New evidence gathered from the Karoo Basin in South Africa sheds light on a catastrophic extinction event that occurred more than 250 million years ago and wiped out more than 90 percent of life in Earth’s oceans and about 70 percent of animal species on land.
Wow, big archeological discovery in Sudan: 16 pyramids that have burial tombs beneath them, built during the reign of pharaohs in the kingdom of Kush. Have a look! (and share)
Geologists said the individuals lived 1.78 million to 1.95 million years ago, when australopithecines and early species of Homo were contemporaries.
Using cutting edge, multi-sensor technologies the Stonehenge Hidden Landscapes Project has revealed evidence for a large stone monument hidden beneath the bank of the later Durrington Walls ‘super-henge’.
The gates were uncovered in Tell es-Safi, which was occupied almost continuously for nearly 5,000 years, until the Arab village at the site was left in 1948, Maeir said. Though archaeologists have been excavating at the site since 1899, it wasn’t until the past few decades that they realized how massive the Iron Age remains really were.
It is often held aloft by environmental campaign groups as an example of one of the last remaining regions of unspoiled habitat left in the world. But instead of being a pristine rainforest untouched by human hands, the Amazon appears to have been profoundly shaped by mankind. An international team of researchers have published evidence that suggests the Amazon was once home to millions of people who lived and farmed in the area now covered by trees. The scientists claim the Amazon basin was a major centre of crop domestication that saw at least 83 native species being cultivated to some degree.
A 1,500-year-old parchment could be one of the oldest known copies of the Quran, possibly dating back to a time that overlapped with the life of the Prophet Muhammad, according to researchers who recently dated the manuscript fragments. The text underwent radiocarbon dating, which measured the age of the find’s organic materials. Researchers at the University of Birmingham, in the United Kingdom, found that the leaves of parchment date back to A.D. 568 and A.D. 645.
Stonehenge inspires awe, but there’s an even more mysterious ancient scene in Laos. The Plain of Jars consists of thousands of prehistoric stone vessels scattered over hundreds of square kilometers near Phonsavan, in the northeastern part of the country—a hilly area, despite the “plain” in the name. The huge jars form a surreal sight—some are up to ten feet tall and weigh several tons. It’s an archeological wonder that experts still haven’t pinned down.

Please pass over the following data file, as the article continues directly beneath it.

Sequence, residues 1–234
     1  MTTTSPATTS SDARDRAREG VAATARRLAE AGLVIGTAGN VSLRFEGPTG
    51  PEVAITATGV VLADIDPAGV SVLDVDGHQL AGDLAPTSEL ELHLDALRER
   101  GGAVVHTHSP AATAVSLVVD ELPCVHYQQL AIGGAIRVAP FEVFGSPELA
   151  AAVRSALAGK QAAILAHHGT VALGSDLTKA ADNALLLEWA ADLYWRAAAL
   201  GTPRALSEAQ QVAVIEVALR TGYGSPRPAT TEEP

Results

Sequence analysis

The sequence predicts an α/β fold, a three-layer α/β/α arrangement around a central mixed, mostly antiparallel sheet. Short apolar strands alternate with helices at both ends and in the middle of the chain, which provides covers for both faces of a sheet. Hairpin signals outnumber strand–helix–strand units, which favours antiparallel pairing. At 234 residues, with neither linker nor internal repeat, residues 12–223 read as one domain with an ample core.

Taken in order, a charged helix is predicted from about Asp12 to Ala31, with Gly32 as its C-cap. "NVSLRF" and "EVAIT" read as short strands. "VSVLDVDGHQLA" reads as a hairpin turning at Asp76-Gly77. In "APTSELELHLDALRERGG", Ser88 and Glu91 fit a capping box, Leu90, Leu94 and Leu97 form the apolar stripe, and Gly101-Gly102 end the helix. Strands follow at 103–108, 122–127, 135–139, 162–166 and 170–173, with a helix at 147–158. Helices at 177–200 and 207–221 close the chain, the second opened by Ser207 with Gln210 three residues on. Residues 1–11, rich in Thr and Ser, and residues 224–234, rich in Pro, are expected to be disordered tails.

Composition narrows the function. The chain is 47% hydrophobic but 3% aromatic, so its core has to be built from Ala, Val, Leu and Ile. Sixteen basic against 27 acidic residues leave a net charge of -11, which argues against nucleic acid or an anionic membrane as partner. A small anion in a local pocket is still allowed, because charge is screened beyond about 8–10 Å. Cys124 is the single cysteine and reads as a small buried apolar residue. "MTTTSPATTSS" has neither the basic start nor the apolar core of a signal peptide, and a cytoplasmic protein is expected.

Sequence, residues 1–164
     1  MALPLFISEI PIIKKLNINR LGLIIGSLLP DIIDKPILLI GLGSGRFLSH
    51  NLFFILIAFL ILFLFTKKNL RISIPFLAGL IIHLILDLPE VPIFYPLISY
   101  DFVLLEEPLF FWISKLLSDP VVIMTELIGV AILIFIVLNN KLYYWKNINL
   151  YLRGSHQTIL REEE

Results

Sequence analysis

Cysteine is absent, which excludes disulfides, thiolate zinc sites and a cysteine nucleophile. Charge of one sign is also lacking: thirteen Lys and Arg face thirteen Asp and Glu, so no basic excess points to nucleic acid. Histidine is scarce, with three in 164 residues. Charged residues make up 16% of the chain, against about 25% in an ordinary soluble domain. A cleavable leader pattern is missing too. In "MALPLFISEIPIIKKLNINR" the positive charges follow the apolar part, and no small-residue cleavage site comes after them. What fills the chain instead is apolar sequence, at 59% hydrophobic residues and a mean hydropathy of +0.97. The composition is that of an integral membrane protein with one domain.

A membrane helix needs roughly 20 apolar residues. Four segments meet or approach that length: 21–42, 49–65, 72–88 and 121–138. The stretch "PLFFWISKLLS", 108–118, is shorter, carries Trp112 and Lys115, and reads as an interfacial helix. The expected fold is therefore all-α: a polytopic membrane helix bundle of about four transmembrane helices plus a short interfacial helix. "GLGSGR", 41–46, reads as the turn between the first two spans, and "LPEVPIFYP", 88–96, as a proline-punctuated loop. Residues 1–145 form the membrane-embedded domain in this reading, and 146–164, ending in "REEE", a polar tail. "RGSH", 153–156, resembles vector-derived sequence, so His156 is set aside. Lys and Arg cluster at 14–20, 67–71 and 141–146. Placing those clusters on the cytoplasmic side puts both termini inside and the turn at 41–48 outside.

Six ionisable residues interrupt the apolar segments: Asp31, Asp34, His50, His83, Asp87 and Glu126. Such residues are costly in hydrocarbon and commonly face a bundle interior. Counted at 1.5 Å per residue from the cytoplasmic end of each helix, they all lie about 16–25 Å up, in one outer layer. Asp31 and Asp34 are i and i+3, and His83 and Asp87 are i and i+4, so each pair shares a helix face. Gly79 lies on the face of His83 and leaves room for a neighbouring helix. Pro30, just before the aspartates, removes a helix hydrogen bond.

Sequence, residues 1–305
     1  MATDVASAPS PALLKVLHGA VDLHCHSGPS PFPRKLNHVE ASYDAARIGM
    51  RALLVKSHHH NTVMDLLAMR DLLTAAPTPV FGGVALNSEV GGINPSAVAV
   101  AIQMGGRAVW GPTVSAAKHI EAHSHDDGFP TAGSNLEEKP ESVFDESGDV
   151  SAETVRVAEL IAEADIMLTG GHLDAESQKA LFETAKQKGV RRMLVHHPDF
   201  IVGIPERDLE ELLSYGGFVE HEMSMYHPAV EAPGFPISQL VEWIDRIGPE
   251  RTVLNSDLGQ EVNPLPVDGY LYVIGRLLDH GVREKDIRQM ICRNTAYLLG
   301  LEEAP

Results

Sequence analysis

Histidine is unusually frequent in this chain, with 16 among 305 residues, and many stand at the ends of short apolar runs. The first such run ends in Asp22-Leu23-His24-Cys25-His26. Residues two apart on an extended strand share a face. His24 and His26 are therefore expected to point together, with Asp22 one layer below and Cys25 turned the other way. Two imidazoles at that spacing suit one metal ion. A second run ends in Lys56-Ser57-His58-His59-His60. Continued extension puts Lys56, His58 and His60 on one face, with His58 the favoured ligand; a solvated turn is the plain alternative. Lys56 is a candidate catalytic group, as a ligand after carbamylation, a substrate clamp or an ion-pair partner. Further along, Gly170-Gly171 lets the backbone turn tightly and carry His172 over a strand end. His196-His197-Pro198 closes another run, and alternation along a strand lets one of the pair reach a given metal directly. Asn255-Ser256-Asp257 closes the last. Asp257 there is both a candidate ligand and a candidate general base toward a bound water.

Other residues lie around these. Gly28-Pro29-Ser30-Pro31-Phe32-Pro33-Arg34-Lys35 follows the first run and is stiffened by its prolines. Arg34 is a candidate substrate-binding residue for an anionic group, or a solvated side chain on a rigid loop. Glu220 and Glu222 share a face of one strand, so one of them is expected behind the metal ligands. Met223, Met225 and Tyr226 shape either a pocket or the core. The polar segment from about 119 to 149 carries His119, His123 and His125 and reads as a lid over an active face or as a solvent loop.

It’s common knowledge that the first systematic use of written symbols as a means of communication emerged in Sumer around 3,000 BCE, but now a Canadian researcher is suggesting that as far back as 40,000 years ago our ancestors communicated in writing.
Douglas Preston | National Geographic In search for the legendary “City of the Monkey God,” explorers find the untouched ruins of a vanished culture. An expedition to Honduras has emerged from the jungle with dramatic news of the discovery of a mysterious culture’s lost city, never before explored. The team was led to the remote, uninhabited region […]
Prehistoric High Times: Opium, “magic” mushrooms and other psychoactive substances have been used since prehistoric times all over the world, according to a new review of archaeological findings. The evidence shows that people have been consuming psychoactive substances for centuries, or even millennia, in many regions of the world, said Elisa Guerra-Doce, an associate professor of prehistory at the University of Valladolid in Spain, who wrote the review.
When looking back at 2014’s biggest moments, don’t forget to take a look at the biggest innovations in science. From monumental gains in space exploration to DNA and ancient dinosaurs, intrepid intellectuals made great discoveries. RT’s Lindsay France has more.
Thanks to the careful work of archaeologists, we learned more in the past year about Stonehenge’s hidden monuments, Richard III’s gruesome death and King Tut’s mummified erection. From the discovery of an ancient tomb in Greece to the first evidence of Neanderthal art, here are 10 of Live Science’s favorite archaeology stories of 2014.
The remains of a child, laid to rest more than 1,500 years ago when the Roman Empire controlled Egypt, was found in an ancient cemetery that contains more than 1 million mummies, according to a team of archaeologists from Brigham Young University in Provo, Utah.
The Antikythera Mechanism has had scholars scratching their heads over how the Greeks managed to build a mechanical computer a hundred years before the birth of Christ and thousands of years before anything similar.